3.
J Am Heart Assoc ; 10(12): e019635, 2021 06 15.
Article in English | MEDLINE | ID: covidwho-1249490

ABSTRACT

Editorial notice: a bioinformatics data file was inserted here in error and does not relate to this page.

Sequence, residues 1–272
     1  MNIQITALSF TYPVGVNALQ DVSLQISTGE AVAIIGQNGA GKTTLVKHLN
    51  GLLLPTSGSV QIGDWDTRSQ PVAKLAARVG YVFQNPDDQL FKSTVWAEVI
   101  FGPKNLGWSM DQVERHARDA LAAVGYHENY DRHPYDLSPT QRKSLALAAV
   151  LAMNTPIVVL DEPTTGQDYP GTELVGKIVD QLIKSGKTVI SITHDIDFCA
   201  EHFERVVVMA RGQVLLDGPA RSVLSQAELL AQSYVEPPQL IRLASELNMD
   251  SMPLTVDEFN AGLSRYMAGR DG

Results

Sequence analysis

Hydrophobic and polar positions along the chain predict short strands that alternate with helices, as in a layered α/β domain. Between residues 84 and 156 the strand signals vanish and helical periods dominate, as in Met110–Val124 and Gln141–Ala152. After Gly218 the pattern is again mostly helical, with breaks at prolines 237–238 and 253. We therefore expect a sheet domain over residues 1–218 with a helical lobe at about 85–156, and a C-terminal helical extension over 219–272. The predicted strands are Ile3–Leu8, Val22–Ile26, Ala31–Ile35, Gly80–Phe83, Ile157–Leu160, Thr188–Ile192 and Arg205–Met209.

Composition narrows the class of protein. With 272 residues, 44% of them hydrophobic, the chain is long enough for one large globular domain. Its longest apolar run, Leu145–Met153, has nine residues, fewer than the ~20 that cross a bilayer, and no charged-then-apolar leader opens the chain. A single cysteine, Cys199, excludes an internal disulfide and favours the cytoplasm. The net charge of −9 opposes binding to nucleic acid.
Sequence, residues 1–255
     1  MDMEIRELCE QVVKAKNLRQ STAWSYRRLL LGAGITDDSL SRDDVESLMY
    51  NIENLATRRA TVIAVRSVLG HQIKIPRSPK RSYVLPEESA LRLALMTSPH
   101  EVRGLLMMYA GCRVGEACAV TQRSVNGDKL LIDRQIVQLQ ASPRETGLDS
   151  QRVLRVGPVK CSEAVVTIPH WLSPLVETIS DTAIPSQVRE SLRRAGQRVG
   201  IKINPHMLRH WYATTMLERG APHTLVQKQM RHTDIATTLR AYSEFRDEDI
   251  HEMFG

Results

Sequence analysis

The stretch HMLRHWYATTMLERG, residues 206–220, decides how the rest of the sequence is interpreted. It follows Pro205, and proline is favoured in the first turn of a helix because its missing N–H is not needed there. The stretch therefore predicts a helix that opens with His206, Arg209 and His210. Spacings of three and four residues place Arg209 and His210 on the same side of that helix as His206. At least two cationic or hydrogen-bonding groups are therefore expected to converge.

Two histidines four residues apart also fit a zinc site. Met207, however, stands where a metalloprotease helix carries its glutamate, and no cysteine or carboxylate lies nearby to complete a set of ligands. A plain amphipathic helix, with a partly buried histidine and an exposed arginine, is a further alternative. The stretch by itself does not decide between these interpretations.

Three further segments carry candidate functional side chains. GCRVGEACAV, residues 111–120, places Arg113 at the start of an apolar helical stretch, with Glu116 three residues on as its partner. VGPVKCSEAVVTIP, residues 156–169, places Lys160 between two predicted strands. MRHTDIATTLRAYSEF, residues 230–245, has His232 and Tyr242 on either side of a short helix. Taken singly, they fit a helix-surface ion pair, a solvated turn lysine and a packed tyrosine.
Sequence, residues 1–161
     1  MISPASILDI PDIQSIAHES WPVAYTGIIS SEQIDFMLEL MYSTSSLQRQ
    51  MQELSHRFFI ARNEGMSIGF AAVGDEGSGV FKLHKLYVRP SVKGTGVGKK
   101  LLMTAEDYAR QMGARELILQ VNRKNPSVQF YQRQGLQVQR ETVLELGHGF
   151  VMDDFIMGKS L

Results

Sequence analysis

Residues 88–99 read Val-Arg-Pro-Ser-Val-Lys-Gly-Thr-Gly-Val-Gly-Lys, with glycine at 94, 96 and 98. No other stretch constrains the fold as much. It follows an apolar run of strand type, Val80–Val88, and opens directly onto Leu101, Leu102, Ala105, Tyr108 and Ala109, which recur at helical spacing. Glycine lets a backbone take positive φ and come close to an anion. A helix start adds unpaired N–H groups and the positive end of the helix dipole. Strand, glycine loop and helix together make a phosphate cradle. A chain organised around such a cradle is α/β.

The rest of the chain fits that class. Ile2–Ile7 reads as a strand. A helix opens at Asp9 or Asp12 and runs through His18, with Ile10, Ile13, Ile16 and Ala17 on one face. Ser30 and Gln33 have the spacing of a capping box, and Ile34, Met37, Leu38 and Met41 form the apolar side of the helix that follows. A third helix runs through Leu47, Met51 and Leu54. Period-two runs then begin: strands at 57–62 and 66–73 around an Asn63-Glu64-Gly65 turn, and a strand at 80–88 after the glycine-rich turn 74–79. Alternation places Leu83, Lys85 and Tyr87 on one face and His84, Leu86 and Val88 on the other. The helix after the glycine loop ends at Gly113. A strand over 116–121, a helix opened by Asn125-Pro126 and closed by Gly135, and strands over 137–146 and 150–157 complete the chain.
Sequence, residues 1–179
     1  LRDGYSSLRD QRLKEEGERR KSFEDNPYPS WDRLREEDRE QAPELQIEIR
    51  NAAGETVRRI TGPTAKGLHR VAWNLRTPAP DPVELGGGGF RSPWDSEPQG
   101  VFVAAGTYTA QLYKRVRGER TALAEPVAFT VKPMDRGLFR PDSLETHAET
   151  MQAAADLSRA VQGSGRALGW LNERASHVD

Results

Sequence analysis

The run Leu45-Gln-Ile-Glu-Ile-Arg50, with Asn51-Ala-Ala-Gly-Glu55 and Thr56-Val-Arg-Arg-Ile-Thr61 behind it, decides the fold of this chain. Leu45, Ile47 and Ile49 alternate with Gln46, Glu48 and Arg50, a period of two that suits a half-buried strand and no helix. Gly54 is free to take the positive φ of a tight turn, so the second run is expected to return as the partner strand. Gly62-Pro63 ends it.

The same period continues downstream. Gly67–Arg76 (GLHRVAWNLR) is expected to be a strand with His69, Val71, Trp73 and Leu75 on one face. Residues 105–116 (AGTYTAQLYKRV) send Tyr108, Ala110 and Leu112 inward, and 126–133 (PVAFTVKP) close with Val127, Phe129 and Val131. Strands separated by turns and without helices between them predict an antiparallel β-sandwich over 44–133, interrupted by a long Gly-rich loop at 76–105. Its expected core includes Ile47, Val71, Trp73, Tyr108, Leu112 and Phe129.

Background Public health emergencies may significantly impact emergency medical services responses to cardiovascular emergencies. We compared emergency medical services responses to out-of-hospital cardiac arrest (OHCA) and ST-segment‒elevation myocardial infarction (STEMI) during the 2020 COVID-19 pandemic to 2018 to 2019 and evaluated the impact of California's March 19, 2020 stay-at-home order. Methods and Results We conducted a population-based cross-sectional study using Los Angeles County emergency medical services registry data for adult patients with paramedic provider impression (PI) of OHCA or STEMI from February through May in 2018 to 2020. After March 19, 2020, weekly counts for PI-OHCA were higher (173 versus 135; incidence rate ratios, 1.28; 95% CI, 1.19‒1.37; P<0.001) while PI-STEMI were lower (57 versus 65; incidence rate ratios, 0.87; 95% CI, 0.78‒0.97; P=0.02) compared with 2018 and 2019. After adjusting for seasonal variation in PI-OHCA and decreased PI-STEMI, the increase in PI-OHCA observed after March 19, 2020 remained significant (P=0.02). The proportion of PI-OHCA who received defibrillation (16% versus 23%; risk difference [RD], -6.91%; 95% CI, -9.55% to -4.26%; P<0.001) and had return of spontaneous circulation (17% versus 29%; RD, -11.98%; 95% CI, -14.76% to -9.18%; P<0.001) were lower after March 19 in 2020 compared with 2018 and 2019. There was also a significant increase in dead on arrival emergency medical services responses in 2020 compared with 2018 and 2019, starting around the time of the stay-at-home order (P<0.001). Conclusions Paramedics in Los Angeles County, CA responded to increased PI-OHCA and decreased PI-STEMI following the stay-at-home order. The increased PI-OHCA was not fully explained by the reduction in PI-STEMI. Field defibrillation and return of spontaneous circulation were lower. It is critical that public health messaging stress that emergency care should not be delayed.